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December 15, 2008

 

CBOT Soy Outlook on Monday: Up 15-17 cents on outside market support

 

 

Chicago Board of Trade soybean futures are seen starting Monday's day session higher, supported by strength in outside markets.

 

CBOT soybean futures are called 15 cents to 17 cents higher.

 

In overnight electronic trading, January soybeans ended 17 1/2 cents higher at US$8.71 1/2. January soymeal was US$4.40 higher at US$262.10 per short tonne, while December soyoil ended 75 points higher at 31.67 cents per pound.

 

The macro economic picture will give support to prices, with weather concerns for South American crops aiding the higher theme as well, said Don Roose, president U.S. Commodities in West Des Moines, Iowa.

 

The U.S. dollar index is lower and crude oil and stock index futures are higher in early action.

 

Solid underlying export demand and outlooks for a pickup in soymeal demand for livestock amid freezing central U.S. temperatures is also supportive, Roose added.

 

Light spillover support from corn, as that market garners carryover strength from Friday's supportive acreage estimates is expected to strengthen prices also. Nevertheless, traders are expected to maintain a cautious approach, as the uncertainty of the global economy limits traders willingness to take on added risk heading toward the holidays.

 

A technical analyst said the next upside price objective for January soybeans is to push and close prices above psychological resistance at US$9.00 a bushel. The next downside price objective is pushing and closing prices below psychological support at US$8.00 a bushel.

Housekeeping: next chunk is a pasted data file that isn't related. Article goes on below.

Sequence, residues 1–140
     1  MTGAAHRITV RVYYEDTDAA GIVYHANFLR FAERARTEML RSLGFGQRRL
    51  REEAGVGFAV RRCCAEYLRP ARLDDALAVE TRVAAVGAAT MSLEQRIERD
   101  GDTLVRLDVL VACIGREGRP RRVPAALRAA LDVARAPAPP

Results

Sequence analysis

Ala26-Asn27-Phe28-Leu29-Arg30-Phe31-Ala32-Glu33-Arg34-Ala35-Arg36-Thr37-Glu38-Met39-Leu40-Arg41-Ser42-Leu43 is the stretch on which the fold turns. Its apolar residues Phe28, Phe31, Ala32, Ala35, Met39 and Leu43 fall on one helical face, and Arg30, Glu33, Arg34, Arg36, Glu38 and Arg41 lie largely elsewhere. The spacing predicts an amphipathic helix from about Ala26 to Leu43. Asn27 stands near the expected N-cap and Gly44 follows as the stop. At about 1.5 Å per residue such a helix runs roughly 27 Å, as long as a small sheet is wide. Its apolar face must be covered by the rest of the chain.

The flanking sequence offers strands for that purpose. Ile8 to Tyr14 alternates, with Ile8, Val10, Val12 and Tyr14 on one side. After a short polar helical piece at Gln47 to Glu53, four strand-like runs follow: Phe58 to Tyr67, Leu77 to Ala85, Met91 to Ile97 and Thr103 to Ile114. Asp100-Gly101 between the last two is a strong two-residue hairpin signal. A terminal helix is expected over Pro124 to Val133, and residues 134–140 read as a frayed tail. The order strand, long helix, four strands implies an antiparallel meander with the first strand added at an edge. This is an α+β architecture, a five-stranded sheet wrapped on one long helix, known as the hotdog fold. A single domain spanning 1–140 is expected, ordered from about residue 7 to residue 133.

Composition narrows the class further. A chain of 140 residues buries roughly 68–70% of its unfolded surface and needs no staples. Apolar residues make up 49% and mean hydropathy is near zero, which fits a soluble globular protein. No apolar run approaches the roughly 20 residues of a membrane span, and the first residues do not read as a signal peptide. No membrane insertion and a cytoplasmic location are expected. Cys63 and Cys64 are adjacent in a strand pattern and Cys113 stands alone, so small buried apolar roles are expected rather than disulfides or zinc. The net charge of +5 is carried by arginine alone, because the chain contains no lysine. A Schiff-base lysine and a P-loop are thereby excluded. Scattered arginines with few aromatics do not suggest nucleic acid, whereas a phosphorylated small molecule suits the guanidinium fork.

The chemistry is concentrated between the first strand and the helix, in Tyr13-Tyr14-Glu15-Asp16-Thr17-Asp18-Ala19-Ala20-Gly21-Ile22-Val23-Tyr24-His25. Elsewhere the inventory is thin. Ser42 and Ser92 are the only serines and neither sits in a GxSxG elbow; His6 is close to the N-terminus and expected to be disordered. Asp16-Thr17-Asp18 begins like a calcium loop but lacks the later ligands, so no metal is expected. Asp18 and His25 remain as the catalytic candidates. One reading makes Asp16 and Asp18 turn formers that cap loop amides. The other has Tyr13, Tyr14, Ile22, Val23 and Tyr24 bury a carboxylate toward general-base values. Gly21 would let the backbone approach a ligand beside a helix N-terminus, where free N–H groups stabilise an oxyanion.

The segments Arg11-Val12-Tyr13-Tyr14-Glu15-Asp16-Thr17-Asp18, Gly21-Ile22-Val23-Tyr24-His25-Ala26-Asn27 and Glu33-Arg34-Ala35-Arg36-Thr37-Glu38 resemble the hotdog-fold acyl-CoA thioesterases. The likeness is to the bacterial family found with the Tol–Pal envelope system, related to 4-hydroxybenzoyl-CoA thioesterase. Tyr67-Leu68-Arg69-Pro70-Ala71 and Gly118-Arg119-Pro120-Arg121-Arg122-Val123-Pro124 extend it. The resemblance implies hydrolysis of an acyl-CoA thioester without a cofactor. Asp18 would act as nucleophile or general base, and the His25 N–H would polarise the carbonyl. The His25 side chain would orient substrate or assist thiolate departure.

First resistance for January soybeans is seen at last week's high of US$8.65 3/4 and then at US$8.75. First support is seen at US$8.50 and then at US$8.42.

 

The DTN Meteorlogix said Argentina's major corn and soybean areas look to remain drier and warmer than normal during the next 10 days, reducing available soil moisture for these crops.

 

In Brazil, showers through the northern growing region will favor developing crops, especially as temperatures cool to more normal levels.

 

In other news, Brazilian farmers have planted 92% of the new 2008-09 soybean crop as of Dec. 11, consulting firm AgRural said Friday. AgRural said that this is slightly below 95% at the same time in 2007 and above 85% on Dec. 4. The consultancy estimated that Brazilian farmers will plant 22 million hectares for the 2008-09 crop.

 

The National Oilseed Processors Association says 139.4 million bushels of soybeans were crushed in November, down from 143.4 million in October on par with the average analyst estimate of 139.6 million. The range of pre-report estimates was 137 million to 142.9 million. Soyoil stocks were pegged at 2.042 billion pounds, up from 1.984 billion, but below the average analyst estimate of 2.105 billion. The range of estimates was 1.969 billion pounds to 2.487 billion pounds.

 

In overseas markets, China's soybean futures traded on the Dalian Commodity Exchange settled higher Monday, led by strong gains in soymeal prices. The benchmark May 2009 soybean contract settled RMB65 higher at RMB3,086/tonne, or up 2.2%.

 

China imported 410,000 metric tonnes of soyoil in November, up 18.5% from a year earlier, according to preliminary data issued by the General Administration of Customs Monday.

 

Crude palm oil futures on Malaysia's derivatives exchange ended lower Monday, falling off highs as supportive leads from higher exports were offset by unwinding of positions to take profits, trade participants said. The benchmark February contract on Bursa Malaysia Derivatives ended MYR5 lower at MYR1,576 a metric tonne, off an intraday high of MYR1,630/tonne.
   

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